Last Night: Le Loup and French Miami at Bottom of the Hill
Tuesday, Oct. 27, 2009
Bottom of the Hill
Better than: Staying home and working on your sexy wood sprite Halloween costume.
Washington, DC's Le Loup has a strong Animal aesthetic, for better and for worse. The East Coast quartet loosens the edges of its songs so the music can exist in a haze of electronic effects and emotional ebullience. But, like its main influence, Le Loup gets too lost in its own mellow experiments live, making its performance one long set of indistinguishable tunes that trade driving sonics for trippy ambiance.
The best songs added dissonance to the equation: harsher noise from Simkoff's control panel of sound effects, or a more spirited near scream to their chants, as on "Forgive Me".
Le Loup needed less of an even ride through their easygoing electronic jungle and more rollercoaster highs and lows. (Even album highlight "Beach Town" got lost live in a run of musical sameness). Halfway through the set, the band lost the back half of Bottom of the Hill to loud bar chatter, the front half polite but not acting very inspired by the performance.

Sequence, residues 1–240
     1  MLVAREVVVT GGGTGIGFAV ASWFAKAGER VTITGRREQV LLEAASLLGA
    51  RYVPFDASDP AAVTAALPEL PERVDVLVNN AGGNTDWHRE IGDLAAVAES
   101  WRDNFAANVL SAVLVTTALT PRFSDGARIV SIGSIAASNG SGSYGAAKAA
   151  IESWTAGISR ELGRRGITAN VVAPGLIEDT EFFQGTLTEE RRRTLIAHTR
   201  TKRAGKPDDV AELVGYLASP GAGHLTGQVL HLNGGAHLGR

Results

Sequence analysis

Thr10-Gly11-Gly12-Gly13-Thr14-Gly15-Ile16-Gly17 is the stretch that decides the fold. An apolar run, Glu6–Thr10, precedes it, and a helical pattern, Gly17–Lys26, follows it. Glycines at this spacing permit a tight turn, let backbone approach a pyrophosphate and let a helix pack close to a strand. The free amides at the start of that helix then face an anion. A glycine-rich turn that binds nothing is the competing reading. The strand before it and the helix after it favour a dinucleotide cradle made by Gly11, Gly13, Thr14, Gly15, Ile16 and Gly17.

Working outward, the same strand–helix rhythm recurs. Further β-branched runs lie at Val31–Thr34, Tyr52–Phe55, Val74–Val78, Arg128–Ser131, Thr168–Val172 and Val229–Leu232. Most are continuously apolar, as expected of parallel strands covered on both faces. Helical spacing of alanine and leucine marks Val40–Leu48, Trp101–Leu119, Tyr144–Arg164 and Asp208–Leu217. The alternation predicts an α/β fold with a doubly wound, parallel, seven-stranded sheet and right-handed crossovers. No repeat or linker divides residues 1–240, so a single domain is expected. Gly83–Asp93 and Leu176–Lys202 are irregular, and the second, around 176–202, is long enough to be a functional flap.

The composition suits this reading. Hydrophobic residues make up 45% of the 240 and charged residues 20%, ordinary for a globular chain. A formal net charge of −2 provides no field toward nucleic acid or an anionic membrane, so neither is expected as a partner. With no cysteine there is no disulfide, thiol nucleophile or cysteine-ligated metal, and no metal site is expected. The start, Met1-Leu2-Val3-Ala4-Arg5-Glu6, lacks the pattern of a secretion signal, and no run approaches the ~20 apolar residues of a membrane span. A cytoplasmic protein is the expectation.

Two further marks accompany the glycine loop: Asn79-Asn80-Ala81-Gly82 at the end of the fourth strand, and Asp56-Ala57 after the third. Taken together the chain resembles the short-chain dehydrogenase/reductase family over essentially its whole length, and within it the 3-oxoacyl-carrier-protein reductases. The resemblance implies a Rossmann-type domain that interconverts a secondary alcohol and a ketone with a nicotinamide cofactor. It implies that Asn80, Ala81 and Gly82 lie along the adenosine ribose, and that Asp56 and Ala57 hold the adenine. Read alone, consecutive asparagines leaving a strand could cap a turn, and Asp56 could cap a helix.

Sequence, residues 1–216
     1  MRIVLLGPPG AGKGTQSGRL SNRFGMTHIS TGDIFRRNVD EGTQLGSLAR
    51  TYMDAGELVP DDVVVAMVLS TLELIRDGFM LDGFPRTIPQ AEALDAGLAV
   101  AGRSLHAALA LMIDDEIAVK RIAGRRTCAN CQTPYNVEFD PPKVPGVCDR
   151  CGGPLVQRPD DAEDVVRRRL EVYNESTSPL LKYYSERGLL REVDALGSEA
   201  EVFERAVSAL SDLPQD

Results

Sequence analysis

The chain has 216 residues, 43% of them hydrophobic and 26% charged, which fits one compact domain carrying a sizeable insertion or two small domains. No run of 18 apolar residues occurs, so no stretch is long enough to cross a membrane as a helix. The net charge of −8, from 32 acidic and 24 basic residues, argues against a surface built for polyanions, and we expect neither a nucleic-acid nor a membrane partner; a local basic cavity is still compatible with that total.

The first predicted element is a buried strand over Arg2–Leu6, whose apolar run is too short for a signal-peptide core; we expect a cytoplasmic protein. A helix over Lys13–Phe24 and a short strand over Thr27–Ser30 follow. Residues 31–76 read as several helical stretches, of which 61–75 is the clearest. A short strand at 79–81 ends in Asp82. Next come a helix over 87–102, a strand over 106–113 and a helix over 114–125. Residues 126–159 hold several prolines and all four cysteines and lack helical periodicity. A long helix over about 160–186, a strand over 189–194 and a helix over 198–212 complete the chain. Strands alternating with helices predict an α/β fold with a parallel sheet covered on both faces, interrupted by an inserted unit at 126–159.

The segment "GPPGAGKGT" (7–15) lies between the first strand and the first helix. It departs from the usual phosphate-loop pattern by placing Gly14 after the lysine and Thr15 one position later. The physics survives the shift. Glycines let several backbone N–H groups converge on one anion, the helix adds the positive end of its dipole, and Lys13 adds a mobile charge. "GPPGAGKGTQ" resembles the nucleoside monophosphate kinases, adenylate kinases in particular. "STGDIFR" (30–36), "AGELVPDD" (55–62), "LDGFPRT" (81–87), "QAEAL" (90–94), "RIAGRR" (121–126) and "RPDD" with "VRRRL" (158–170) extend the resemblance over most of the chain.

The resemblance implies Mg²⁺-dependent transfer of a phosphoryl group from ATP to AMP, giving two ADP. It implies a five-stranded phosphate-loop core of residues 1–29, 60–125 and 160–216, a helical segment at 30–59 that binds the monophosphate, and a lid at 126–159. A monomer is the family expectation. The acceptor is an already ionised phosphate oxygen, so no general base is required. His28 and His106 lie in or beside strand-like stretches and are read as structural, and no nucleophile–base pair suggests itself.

In terms of energy, the touring band was outdone last night by the opener, local trio French Miami. That band commanded attention from the start, two of its members pulling double duty on keyboards and guitars (sometimes both at once, the guys playing each instrument with one hand). The songs were built on sharp, staccato math rock riffs and 80s synth technology (technology which broke down a bit during their best song, "Science Fiction," but even that didn't ruin their momentum).
French Miami merges emo's urgent vocals ("I was emotional, I couldn't get dressed...I wouldn't like your friends") with an infectious electronic buzz, putting their songs in a dancy post-rock (post-emo?) plane. Singer Jason Heiselmann announced a couple times that the group had just returned from NY (presumably from CMJ) that day, but there was no lack of energy in their performance--especially when they broke in the middle of one song, Heiselmann and multi-instrumentalist Roland Curtis kneeling in the fetal position before drummer Chris Crawford to feverishly chant an a capella version of the chorus "We get along."
Everything changed so quickly with French Miami there was little time for their set to stall. The timings, melodies, and vocal outbursts came and went in fiery flashes that were the opposite of the headliner's loud but far too meditative vibe.
Personal bias: I went into last night's show a fan of Le Loup based on the group's new second album, Family. But I wish they'd push those songs in a more urgent direction, and cut out all the lackluster jamming.